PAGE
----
Meteorites and Mountains

Note from Cat: I’m a little behind on posts since the post trip relaxation has truly kicked in. Evan will claim it’s because I hate him that these posts are late, but that’s the way the cookie crumbles.

Authored by Not Wanderlust’s head geologist: Evan Dismukes 

Quick Vocabulary:

Laccolith: when a pluton is created and makes the overlaying rock bulge upward
The remainder of our sojourn through Canada was spent visiting cities so this post is going to be short and sweet. It does involve engaging topics such as meteors, mountains and magma.

We entered Sudbury. I’m not sure if the depressed vibe was a result of the rain or because the Timmy Ho’s we stopped at for breakfast was entirely comprised of homeless people. Either way, it had the classic post-economic collapse of blue collar towns, an environment we are familiar with being from Pittsburgh. Despite all of this, Sudbury is the “Nickel Capital of the World.” The city is in the middle of a giant crater that was created by an asteroid impact about 2 billion years ago. It is the second largest confirmed meteor impact on earth. For comparison, the third biggest impact is the one in Mexico that killed off the dinosaurs. The rocks in this area are mostly gneiss and fragmented granite. The gneiss was granite from the Canadian Shield that metamorphosed into gneiss as a result of the asteroid impact. The fractured granite are the pieces of the Canadian Shield that were broken up and thrown into the sky as a result of the meteor impact. With the Canadian Shield’s rich minerals and the meteor materials, Sudbury was primed to be a booming mining town. It’s title of “Nickel Capital of the World” after the Big Nickel Company was founded in the area and became the largest producer of nickel in the world. Regardless how it seems, Big Nickel is actually the name of the company and not just what conspiracy theorists call the nickel industry in the town.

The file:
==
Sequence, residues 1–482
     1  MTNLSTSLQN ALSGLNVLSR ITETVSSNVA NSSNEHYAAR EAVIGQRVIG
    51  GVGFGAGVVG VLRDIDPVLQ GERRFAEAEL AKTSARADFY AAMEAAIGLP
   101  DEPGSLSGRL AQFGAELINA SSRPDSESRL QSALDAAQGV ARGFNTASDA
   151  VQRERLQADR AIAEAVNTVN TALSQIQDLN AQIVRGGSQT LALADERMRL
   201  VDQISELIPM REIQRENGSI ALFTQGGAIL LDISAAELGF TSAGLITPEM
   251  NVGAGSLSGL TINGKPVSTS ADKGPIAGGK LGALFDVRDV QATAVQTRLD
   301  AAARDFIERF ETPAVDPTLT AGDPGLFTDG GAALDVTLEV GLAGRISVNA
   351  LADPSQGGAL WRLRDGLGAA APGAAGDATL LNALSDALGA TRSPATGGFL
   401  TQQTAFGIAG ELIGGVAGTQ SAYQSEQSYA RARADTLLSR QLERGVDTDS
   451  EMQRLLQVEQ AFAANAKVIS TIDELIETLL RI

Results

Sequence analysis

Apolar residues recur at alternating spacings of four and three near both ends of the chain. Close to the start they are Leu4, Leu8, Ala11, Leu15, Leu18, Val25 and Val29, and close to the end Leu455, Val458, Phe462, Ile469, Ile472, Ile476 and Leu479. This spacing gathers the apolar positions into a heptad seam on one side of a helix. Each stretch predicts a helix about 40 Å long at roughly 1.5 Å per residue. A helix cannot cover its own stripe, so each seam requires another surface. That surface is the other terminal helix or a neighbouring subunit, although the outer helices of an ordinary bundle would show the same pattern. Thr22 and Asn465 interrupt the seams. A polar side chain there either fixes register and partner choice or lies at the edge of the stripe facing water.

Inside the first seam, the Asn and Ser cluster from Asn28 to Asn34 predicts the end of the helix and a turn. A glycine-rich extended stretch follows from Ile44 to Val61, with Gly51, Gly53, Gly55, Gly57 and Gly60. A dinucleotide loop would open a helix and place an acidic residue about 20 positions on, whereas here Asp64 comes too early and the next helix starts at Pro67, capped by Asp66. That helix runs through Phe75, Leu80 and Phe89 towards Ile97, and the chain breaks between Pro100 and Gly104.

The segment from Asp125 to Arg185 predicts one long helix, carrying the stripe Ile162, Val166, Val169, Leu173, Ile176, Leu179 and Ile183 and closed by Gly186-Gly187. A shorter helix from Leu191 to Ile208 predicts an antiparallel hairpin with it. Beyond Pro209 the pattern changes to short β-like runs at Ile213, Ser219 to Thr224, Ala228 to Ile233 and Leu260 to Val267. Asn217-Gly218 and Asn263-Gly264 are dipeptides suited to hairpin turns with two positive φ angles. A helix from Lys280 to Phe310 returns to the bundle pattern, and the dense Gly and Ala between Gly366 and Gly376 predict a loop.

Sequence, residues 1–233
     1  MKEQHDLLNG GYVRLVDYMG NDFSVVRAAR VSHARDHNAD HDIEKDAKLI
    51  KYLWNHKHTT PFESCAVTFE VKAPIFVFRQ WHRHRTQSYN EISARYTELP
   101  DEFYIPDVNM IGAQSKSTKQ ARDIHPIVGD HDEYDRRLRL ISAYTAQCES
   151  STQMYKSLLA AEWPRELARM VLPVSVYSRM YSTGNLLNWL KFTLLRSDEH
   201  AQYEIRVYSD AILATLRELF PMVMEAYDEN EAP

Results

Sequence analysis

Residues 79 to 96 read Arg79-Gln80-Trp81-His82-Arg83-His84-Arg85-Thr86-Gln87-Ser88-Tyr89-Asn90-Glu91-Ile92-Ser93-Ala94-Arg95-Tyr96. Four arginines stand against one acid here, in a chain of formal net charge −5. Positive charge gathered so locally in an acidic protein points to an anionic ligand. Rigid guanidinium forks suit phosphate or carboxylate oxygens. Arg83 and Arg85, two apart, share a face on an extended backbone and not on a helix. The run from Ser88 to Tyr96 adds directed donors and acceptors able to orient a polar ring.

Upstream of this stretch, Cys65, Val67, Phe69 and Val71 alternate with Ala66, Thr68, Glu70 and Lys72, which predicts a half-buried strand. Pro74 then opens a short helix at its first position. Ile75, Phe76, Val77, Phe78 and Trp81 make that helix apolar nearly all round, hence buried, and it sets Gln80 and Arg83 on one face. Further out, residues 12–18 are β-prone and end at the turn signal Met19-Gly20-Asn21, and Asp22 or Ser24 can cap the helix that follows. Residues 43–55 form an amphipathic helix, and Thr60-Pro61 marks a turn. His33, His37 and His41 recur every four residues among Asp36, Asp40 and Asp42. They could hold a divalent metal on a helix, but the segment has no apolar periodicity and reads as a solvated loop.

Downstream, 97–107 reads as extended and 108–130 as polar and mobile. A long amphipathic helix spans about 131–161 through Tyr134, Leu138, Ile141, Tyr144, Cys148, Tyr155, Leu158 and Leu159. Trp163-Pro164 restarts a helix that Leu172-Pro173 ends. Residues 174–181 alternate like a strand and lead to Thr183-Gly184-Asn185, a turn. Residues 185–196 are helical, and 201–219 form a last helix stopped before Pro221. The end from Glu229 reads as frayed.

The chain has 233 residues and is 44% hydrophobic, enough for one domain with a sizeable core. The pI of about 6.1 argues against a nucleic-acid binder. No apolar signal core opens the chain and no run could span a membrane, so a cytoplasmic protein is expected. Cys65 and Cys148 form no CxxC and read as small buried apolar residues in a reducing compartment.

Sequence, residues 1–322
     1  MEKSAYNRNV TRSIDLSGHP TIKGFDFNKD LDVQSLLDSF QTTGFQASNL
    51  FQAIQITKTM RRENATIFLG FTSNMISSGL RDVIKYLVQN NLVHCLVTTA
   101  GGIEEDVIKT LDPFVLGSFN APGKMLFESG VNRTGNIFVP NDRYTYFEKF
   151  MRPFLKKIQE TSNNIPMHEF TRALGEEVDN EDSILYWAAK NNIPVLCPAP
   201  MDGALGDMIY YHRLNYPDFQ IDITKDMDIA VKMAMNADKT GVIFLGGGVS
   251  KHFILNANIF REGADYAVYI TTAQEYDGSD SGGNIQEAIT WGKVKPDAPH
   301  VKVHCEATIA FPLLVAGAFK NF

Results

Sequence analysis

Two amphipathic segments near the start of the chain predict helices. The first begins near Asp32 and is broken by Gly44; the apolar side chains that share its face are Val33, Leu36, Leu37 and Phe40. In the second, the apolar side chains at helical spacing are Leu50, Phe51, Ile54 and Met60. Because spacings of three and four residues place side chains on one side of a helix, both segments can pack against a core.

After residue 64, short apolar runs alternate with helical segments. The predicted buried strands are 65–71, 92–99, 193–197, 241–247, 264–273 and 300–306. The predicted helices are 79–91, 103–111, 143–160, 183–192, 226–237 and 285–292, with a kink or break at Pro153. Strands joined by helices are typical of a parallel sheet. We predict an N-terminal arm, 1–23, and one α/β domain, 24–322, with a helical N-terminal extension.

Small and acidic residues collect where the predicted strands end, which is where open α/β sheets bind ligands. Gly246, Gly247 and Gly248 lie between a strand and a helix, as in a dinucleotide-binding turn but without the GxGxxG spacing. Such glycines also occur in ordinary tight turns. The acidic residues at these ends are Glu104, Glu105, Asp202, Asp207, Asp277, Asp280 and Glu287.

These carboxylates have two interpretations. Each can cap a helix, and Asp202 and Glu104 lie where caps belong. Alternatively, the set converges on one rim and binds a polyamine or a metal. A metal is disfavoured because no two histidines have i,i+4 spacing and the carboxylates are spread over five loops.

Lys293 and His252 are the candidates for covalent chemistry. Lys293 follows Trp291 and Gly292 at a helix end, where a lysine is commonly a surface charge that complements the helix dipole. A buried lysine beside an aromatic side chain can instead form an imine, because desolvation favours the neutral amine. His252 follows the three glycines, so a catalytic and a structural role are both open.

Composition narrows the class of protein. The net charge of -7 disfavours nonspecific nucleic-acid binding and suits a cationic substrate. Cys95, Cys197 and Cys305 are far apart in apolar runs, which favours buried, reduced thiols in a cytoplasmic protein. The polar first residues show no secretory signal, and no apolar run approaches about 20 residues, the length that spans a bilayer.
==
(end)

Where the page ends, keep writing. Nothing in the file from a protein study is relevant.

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A Mixture of Young and Old

Authored by Not Wanderlust’s head geologist: Evan Dismukes

Quick Vocabulary:



Lithified: the process of hardening into a rock

Canadian shield: billion year old rock in the northern part of America made up of mostly granite

Rift valley: place where the Continental Plate started separating
Traveling from the ranches and mountains of Wyoming and the trashy tourist towns in the Black Hills to the flat, buggy and forested emptiness of the Canadian Shield.

Everywhere we went on this leg provided a wide range of geology experiences as well as some other not so positive experiences.

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Big Trip (Days 36-42)

This past week, I think we’ve been accepted into the bison community.  Stay tuned for updates on how we assimilate.
Day 36:

We left the comfy bed at Jackson and began our trek to the Badlands. Being that it’s more than a one day drive, we sat back, relaxed and popped in a movie. Mainly, it was me making weird faces at Evan. But we did pass a town called Emblem with only 10 people. We’re assuming FarmersOnly.com gets near 100% of that town’s business. Close to that “town” was Greybull where Evan and I set up camp for the night.

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Ski Bums and Cowboys

Authored by Not Wanderlust’s head geologist: Evan Dismukes

 

Quick Vocabulary 

Quartzite: metamorphosed sandstone.

Slate: metamorphosed shale.

Marble: metamorphosed limestone.

Igneous: volcanic in origin.

Metamorphic: altered in some way. Either by heat, pressure or deformation.

Burgess Shale: a rock layer famous for having some of the best preserved fossils in the world.

Travertine: type of limestone deposited by mineral springs.

Amphibolites: metamorphosed hornblende.
Now that we have reached the highest latitude for our trip, and witnessed Cat failing at using her SheWee for a second time, we begin our move east. We found out that Canada has it’s own Glacier National Park, traveled through the Canadian Rockies and returned to the U.S. despite our Border Patrol’s best efforts to deny natural born citizens access to their homeland.

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